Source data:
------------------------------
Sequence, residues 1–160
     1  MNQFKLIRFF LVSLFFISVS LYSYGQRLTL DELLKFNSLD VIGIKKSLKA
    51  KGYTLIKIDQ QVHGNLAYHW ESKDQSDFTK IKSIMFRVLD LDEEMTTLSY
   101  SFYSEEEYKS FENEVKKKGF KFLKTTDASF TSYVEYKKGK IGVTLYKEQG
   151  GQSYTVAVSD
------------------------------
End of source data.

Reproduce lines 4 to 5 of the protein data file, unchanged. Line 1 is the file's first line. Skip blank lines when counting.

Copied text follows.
   101  SFYSEEEYKS FENEVKKKGF KFLKTTDASF TSYVEYKKGK IGVTLYKEQG
   151  GQSYTVAVSD